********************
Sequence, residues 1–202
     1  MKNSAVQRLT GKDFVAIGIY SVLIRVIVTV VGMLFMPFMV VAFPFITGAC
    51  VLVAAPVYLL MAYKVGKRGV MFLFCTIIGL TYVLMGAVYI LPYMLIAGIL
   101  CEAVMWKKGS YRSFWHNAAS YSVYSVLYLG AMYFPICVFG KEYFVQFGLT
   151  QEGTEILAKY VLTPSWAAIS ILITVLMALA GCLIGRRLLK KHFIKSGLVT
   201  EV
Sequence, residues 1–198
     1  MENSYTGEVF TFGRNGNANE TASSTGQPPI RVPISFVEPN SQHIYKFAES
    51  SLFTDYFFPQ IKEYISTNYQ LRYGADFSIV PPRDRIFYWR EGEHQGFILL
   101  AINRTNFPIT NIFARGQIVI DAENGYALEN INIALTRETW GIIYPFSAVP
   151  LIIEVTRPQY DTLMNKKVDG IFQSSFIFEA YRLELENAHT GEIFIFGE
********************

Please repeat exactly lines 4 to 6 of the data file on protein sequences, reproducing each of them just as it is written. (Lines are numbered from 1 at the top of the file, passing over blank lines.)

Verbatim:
   101  CEAVMWKKGS YRSFWHNAAS YSVYSVLYLG AMYFPICVFG KEYFVQFGLT
   151  QEGTEILAKY VLTPSWAAIS ILITVLMALA GCLIGRRLLK KHFIKSGLVT
   201  EV